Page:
Nigeria is the largest producer of yam in the world, with approximately 42 million tons produced in 2014 (Food and Agricultural Organization, 2017), representing approximately 70% of the world?s total yam production. However, the yam value chain is highly fragmented, dominated by smallholder farmers who generate lower yam yields relative to international best practices. Post-harvest losses are estimated at between 20-30% depending on the variety of the yam and most yam is consumed in its fresh form due to lack of processing and preservation mechanisms in Nigeria. One of the more acceptable means of preserving yam is to convert it to yam flour. Nigerians are known for consuming pounded yam in both rural and urban areas. Therefore, the consumer culture results in a growing increase for pounded yam and ?amala?.
Moreover, the traditional method of making pounded yam is very laborious and mostly unhygienic. It requires physical pounding with pestle and mortar by two or more strong men or women, de?pending on the quantity. Particularly in urban areas, the traditional method of preparing pounded yam is being boycotted as a result of the amount of energy expended in its preparation. Also root and tuber crops generally do not have a long shelf life, it is therefore economical to convert yam to yam flour so as to preserve its shelf life. Instant pounded yam flour requires short processing time and less energy. Processed yam can be easily stored for a long period (12 – 18 months) if absence of moisture; hence yam is commonly processed into varying form such as yam flour, poundo yam flour, flakes.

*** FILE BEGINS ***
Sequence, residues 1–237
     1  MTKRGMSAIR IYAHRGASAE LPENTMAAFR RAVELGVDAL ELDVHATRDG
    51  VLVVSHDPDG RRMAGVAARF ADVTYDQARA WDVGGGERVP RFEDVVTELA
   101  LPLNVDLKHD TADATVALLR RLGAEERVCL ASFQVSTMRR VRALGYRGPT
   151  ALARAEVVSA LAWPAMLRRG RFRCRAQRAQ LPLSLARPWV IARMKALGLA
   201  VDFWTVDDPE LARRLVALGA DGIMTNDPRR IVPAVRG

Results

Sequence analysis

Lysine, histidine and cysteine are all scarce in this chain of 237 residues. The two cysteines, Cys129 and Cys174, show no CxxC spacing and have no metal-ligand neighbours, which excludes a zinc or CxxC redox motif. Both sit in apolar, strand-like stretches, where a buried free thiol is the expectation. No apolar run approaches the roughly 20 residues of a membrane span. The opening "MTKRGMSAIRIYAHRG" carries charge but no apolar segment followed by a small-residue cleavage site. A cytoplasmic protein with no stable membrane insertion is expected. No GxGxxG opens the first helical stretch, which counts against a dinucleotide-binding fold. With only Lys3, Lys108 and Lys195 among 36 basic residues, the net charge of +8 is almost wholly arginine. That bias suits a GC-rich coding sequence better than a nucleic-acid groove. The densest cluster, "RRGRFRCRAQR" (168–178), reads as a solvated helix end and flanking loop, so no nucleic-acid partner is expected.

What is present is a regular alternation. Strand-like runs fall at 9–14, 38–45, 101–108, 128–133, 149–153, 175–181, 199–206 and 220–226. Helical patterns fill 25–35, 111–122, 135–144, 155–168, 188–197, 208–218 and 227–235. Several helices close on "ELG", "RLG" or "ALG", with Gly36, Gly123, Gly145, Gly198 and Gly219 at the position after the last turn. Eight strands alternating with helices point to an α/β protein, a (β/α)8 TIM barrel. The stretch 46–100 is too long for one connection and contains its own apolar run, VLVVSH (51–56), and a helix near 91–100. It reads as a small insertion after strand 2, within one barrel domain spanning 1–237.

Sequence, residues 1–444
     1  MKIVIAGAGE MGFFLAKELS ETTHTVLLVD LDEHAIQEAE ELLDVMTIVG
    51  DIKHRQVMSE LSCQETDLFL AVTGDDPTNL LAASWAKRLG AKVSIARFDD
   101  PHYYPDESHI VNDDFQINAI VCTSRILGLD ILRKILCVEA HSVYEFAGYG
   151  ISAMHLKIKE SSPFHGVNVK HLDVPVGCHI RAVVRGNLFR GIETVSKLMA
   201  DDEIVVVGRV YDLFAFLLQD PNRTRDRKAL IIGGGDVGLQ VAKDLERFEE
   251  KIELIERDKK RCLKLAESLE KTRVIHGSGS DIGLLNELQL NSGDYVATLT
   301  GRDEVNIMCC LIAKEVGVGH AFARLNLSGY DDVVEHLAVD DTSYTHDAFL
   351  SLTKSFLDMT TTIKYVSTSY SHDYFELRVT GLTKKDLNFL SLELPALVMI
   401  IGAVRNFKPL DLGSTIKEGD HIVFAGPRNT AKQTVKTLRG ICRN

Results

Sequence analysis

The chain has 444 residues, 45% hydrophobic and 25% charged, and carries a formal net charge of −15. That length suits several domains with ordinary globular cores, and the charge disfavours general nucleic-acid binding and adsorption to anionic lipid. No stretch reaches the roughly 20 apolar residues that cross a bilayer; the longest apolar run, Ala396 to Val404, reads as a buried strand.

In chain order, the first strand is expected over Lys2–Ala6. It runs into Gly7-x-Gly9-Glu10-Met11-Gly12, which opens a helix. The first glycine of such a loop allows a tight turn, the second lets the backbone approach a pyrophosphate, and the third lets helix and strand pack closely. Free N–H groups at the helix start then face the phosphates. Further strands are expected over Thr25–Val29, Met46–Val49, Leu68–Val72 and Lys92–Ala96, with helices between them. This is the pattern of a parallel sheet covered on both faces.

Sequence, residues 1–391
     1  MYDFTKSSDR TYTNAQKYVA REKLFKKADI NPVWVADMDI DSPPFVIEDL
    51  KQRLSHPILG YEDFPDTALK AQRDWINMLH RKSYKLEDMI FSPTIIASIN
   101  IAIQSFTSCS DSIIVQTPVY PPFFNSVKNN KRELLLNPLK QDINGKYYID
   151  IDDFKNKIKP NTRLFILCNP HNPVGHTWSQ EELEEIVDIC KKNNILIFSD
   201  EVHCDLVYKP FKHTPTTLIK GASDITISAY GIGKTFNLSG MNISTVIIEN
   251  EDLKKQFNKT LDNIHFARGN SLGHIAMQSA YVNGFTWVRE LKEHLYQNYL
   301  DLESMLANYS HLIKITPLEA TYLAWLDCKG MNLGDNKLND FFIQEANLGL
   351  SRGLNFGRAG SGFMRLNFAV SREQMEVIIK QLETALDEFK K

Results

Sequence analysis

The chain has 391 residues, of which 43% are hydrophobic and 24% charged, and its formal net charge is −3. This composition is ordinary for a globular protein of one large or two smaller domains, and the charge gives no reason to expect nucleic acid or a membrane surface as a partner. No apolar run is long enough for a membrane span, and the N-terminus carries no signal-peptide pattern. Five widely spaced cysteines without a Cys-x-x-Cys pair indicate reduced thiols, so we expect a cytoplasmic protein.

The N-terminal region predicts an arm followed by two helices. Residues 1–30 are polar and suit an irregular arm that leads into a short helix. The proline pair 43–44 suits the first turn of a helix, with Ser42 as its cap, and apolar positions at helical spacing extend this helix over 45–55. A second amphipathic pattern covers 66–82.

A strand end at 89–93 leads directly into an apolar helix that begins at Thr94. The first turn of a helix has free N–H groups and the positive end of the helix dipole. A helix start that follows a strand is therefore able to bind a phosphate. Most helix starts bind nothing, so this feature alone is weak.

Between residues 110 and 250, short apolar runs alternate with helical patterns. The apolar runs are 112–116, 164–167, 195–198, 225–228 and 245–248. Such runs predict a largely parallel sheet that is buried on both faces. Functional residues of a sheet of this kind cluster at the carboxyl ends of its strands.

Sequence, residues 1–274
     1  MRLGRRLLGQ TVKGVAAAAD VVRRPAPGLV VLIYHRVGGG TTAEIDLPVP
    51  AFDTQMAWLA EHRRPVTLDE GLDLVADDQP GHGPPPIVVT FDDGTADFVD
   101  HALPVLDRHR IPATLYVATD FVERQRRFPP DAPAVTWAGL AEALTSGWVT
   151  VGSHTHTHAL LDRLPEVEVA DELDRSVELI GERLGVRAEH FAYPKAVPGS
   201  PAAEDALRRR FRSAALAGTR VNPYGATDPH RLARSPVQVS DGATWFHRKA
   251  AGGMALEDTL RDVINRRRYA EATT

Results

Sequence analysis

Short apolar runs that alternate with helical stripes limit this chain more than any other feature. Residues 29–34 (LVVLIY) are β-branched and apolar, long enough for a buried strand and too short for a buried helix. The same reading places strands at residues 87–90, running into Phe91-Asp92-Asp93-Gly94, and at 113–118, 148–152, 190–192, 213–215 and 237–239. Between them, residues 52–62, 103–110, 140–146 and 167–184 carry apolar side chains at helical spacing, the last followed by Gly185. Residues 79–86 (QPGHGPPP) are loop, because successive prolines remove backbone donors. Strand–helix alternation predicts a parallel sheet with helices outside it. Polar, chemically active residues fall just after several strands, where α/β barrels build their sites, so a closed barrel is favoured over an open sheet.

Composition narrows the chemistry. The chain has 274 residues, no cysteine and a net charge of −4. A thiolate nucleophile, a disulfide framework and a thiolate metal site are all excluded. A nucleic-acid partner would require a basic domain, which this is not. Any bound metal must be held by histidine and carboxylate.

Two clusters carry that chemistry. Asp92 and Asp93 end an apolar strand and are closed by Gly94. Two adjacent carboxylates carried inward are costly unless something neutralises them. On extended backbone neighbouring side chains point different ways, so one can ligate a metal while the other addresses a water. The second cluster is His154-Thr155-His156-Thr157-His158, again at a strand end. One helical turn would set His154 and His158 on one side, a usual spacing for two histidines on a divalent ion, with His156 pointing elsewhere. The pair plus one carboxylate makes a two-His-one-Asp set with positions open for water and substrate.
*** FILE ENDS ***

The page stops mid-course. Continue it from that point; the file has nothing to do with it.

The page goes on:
Relative to other crops such as cassava, there is limited yam processing in both the formal and informal sectors. There are over ten yam processing companies operating in the Nigerian landscape whose products consist of yam flour and poundo yam; however, apart from Ayoola, the others operate relatively small scale operations. In addition, they are concentrated in Lagos and have some presence in other parts of Nigeria. Informal processors are linked to farm families and process yam into chips and yam flour.
This feasibility report is for an instant poundo yam processing project with a capacity to produce ?3 tonnes per day.